Which means for our asset as example:- The annual return (CAGR) over 5 years of NASDAQ 100 Strategy is 40.5%, which is greater, thus better compared to the benchmark SPY (15.1%) in the same period.
- Looking at annual performance (CAGR) in of 17.6% in the period of the last 3 years, we see it is relatively greater, thus better in comparison to SPY (9.1%).

'Volatility is a rate at which the price of a security increases or decreases for a given set of returns. Volatility is measured by calculating the standard deviation of the annualized returns over a given period of time. It shows the range to which the price of a security may increase or decrease. Volatility measures the risk of a security. It is used in option pricing formula to gauge the fluctuations in the returns of the underlying assets. Volatility indicates the pricing behavior of the security and helps estimate the fluctuations that may happen in a short period of time.'

Applying this definition to our asset in some examples:- The historical 30 days volatility over 5 years of NASDAQ 100 Strategy is 19.2%, which is lower, thus better compared to the benchmark SPY (20.9%) in the same period.
- Looking at historical 30 days volatility in of 15.6% in the period of the last 3 years, we see it is relatively lower, thus better in comparison to SPY (17.6%).

'Downside risk is the financial risk associated with losses. That is, it is the risk of the actual return being below the expected return, or the uncertainty about the magnitude of that difference. Risk measures typically quantify the downside risk, whereas the standard deviation (an example of a deviation risk measure) measures both the upside and downside risk. Specifically, downside risk in our definition is the semi-deviation, that is the standard deviation of all negative returns.'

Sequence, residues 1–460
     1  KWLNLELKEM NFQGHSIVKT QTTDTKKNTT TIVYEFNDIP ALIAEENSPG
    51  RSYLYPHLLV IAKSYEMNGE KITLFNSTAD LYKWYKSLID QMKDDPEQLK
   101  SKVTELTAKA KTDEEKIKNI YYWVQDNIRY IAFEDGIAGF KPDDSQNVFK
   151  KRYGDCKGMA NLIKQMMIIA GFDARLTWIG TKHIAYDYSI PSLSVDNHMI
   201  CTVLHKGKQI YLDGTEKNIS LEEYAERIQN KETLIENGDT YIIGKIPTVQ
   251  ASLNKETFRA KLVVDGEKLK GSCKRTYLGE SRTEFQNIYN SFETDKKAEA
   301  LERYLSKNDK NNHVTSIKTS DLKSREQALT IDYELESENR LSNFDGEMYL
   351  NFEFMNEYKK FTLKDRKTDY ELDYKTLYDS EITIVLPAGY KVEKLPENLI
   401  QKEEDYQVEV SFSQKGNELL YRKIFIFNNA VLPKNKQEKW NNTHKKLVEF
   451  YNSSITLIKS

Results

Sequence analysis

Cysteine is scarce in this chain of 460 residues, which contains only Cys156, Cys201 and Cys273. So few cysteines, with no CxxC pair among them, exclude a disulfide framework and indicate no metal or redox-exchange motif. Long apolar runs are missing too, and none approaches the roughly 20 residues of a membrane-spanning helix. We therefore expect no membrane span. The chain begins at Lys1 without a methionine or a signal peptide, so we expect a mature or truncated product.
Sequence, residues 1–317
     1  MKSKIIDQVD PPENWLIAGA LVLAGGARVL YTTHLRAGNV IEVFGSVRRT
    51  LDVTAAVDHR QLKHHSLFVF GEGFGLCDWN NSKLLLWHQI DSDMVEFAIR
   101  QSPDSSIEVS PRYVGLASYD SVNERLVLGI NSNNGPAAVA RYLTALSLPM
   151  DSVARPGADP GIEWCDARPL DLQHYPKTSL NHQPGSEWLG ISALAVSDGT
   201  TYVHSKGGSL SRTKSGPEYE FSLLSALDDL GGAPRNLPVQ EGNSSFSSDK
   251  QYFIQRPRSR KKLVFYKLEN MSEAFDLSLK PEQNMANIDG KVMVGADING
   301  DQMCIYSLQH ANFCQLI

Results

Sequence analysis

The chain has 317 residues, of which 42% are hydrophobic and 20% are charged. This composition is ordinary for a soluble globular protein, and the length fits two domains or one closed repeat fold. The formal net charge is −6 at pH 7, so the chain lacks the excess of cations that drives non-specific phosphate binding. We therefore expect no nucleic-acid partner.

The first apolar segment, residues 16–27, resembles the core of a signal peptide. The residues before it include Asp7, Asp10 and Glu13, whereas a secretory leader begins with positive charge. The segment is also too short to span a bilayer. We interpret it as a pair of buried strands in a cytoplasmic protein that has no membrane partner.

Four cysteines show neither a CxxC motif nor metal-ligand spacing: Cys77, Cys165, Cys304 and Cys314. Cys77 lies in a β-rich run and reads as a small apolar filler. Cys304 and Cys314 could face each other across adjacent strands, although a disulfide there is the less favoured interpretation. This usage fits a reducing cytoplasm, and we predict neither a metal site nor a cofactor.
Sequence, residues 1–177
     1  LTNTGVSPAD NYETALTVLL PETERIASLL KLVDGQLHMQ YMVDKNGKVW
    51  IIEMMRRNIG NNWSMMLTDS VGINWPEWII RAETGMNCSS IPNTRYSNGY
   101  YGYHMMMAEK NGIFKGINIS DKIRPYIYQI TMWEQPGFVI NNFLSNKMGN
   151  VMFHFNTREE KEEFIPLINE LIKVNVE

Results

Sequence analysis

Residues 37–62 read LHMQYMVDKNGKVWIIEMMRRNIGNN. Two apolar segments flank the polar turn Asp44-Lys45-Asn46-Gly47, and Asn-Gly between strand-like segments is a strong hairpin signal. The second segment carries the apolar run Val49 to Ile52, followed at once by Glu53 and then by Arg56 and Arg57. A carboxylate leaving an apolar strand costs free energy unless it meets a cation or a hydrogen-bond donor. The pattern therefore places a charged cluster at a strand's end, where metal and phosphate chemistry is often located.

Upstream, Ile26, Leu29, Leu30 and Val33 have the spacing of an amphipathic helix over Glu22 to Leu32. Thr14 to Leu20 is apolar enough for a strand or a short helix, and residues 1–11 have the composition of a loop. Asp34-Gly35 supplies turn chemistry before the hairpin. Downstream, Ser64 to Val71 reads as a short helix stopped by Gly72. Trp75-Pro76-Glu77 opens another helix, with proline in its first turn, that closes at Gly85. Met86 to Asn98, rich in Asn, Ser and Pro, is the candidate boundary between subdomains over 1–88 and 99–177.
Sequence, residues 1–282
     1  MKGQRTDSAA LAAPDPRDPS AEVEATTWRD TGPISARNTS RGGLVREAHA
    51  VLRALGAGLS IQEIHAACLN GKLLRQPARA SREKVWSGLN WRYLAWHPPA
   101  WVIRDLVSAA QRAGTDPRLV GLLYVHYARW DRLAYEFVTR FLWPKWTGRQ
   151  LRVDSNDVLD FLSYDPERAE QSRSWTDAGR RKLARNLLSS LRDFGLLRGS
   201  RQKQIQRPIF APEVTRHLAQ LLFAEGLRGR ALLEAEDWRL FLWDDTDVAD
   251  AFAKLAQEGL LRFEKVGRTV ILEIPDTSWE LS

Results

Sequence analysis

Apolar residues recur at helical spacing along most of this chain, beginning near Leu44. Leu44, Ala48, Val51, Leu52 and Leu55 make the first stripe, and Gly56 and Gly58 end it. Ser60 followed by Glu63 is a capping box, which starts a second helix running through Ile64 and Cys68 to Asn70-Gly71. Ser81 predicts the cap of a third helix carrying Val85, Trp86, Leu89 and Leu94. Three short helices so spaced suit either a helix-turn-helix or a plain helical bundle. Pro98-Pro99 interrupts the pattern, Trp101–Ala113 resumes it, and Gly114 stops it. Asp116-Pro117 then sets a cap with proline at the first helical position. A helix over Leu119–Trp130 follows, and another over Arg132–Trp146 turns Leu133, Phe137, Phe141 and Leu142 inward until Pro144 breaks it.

Using this definition on our asset we see for example:- Compared with the benchmark SPY (14.9%) in the period of the last 5 years, the downside volatility of 12.1% of NASDAQ 100 Strategy is lower, thus better.
- Compared with SPY (12.3%) in the period of the last 3 years, the downside deviation of 9.8% is lower, thus better.

'The Sharpe ratio (also known as the Sharpe index, the Sharpe measure, and the reward-to-variability ratio) is a way to examine the performance of an investment by adjusting for its risk. The ratio measures the excess return (or risk premium) per unit of deviation in an investment asset or a trading strategy, typically referred to as risk, named after William F. Sharpe.'

Using this definition on our asset we see for example:- Compared with the benchmark SPY (0.6) in the period of the last 5 years, the Sharpe Ratio of 1.98 of NASDAQ 100 Strategy is higher, thus better.
- During the last 3 years, the risk / return profile (Sharpe) is 0.97, which is greater, thus better than the value of 0.37 from the benchmark.

'The Sortino ratio improves upon the Sharpe ratio by isolating downside volatility from total volatility by dividing excess return by the downside deviation. The Sortino ratio is a variation of the Sharpe ratio that differentiates harmful volatility from total overall volatility by using the asset's standard deviation of negative asset returns, called downside deviation. The Sortino ratio takes the asset's return and subtracts the risk-free rate, and then divides that amount by the asset's downside deviation. The ratio was named after Frank A. Sortino.'

Using this definition on our asset we see for example:- The downside risk / excess return profile over 5 years of NASDAQ 100 Strategy is 3.14, which is greater, thus better compared to the benchmark SPY (0.84) in the same period.
- Looking at ratio of annual return and downside deviation in of 1.55 in the period of the last 3 years, we see it is relatively greater, thus better in comparison to SPY (0.53).